"Radiologically ascertained pneumonia before age three is associated with asthma and impaired airway function that is only partially reversible with bronchodilators and that persists into adult life," Chan and colleagues concluded in the study. "Because there is considerable evidence that asthma associated with airflow limitation is a strong risk factor for subsequent chronic obstructive pulmonary disease, the prevention of early-life pneumonia and of the factors that determine low lung function in infancy may contribute significantly to decrease the public health burden of chronic obstructive pulmonary disease."
It's also possible that another factor in utero or very early in life accounts for the connection. Prematurity predisposes some children to asthma because the lungs didn't fully grow in utero. Other children may have had other viruses that damaged their lungs, noted Martinez.
"The pneumonia is only the canary in the mine to know if something went wrong in early development," commented Martinez. "From other studies, we know that children with asthma are more likely to have continued wheezing and coughing and miss more school days. The main issue that isn't elucidated is whether or not pneumonia is the cause."
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Certainly, some asthma cases can be attributed to breathing tube damage, but the chicken-egg question remains. "Breathing tube damage is important but we don't know if it occurred before the pneumonia," acknowledged Martinez. "In some of the children who had pneumonia between birth and age 3, it's the same effect as smoking cigarettes for 10-15 years."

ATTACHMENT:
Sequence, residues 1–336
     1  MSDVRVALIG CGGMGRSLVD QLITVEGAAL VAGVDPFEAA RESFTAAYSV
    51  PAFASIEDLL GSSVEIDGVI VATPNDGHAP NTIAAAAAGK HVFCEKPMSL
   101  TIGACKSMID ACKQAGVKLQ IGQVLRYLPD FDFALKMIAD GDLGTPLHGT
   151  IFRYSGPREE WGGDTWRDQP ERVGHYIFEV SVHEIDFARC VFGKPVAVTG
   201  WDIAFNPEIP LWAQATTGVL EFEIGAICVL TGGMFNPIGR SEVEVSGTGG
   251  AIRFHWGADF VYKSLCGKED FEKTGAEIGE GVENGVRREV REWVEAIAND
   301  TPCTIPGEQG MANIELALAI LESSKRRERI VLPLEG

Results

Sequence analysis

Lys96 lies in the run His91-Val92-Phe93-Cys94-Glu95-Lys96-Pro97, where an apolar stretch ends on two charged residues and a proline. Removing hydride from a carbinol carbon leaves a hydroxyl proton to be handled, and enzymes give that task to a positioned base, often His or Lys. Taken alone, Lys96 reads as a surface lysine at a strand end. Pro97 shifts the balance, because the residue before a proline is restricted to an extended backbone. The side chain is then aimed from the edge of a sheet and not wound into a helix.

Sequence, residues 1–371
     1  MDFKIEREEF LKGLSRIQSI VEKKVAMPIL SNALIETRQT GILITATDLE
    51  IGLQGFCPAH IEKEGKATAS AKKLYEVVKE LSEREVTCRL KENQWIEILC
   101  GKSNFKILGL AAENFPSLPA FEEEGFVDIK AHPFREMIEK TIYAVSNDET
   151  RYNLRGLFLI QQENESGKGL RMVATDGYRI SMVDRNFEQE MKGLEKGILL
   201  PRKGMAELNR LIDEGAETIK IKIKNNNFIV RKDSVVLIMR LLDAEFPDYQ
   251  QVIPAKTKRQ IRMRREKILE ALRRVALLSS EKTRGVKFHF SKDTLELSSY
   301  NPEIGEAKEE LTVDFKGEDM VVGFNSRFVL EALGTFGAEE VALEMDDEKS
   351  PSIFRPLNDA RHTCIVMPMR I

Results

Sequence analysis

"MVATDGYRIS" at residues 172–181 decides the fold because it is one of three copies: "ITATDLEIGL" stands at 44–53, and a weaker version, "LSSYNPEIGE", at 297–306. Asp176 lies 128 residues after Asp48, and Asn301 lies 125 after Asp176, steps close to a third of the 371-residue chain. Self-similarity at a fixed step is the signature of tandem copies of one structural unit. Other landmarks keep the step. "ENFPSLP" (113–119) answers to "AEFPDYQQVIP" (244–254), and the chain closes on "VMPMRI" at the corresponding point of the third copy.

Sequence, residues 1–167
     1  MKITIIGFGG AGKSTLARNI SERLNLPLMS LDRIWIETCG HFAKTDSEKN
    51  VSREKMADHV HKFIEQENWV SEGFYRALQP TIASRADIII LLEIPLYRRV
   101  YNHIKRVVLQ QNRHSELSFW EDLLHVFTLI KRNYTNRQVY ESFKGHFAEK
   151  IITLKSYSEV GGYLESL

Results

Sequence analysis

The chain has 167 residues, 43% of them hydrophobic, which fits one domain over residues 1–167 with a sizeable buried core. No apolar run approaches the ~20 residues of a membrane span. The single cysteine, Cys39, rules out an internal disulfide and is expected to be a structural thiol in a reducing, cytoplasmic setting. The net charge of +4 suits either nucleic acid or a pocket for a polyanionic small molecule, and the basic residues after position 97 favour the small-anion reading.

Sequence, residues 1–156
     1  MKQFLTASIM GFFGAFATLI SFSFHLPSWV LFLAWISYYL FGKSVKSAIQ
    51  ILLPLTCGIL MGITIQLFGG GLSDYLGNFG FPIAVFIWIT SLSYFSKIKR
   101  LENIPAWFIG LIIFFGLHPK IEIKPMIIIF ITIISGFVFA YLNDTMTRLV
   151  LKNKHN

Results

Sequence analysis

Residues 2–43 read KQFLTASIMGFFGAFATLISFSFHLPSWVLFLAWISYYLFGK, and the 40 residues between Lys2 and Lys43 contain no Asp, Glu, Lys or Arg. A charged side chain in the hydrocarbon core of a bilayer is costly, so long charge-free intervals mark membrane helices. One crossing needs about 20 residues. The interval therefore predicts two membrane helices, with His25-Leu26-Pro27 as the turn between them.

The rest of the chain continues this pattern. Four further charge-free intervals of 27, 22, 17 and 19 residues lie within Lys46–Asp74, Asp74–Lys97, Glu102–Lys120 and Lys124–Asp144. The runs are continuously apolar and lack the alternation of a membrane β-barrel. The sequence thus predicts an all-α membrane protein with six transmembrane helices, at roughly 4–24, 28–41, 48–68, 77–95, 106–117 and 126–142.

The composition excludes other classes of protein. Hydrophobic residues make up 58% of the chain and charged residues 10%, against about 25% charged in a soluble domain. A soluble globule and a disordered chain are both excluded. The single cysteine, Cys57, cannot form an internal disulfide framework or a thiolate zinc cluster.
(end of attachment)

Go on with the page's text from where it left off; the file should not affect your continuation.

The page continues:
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With the root cause of the asthma still a mystery, Martinez said the preventing pneumonia is the only step to avoid the long-term consequence of negative lung function. As far as circumventing asthma and COPD as an adult, he was adamant that not smoking is essential.
"Number one, two and three is do not smoke if you'd had pneumonia," Martinez stated. "Other papers have shown that people who've had severe infections in their first years of life are much worse if they start smoking. It's bad to smoke if you've never had pneumonia but much, much worse if you had it."
Avoiding smoky environments and workplace fumes will also help in not triggering asthma, he said.
Attaining a pulmonary function test measuring how much air can be blown out of your lungs and how quickly will determine the amount of airway obstruction for patients with asthma and show disease progression.
"Unfortunatley, many insurance companies don't reimburse for pulmonary function testing without specific reason," declared Martinez. "However, patients and practitioners should insist upon it if the patient has repeated coughing in the winter for 3 months more than 2 consecutive years or wheezing episodes with a diagnosis of asthma. Anyone who has had significant symptoms when they were young should also insist on the (pulmonary function) test."
Robin Hocevar is on staff at ADVANCE. Contact email@example.com.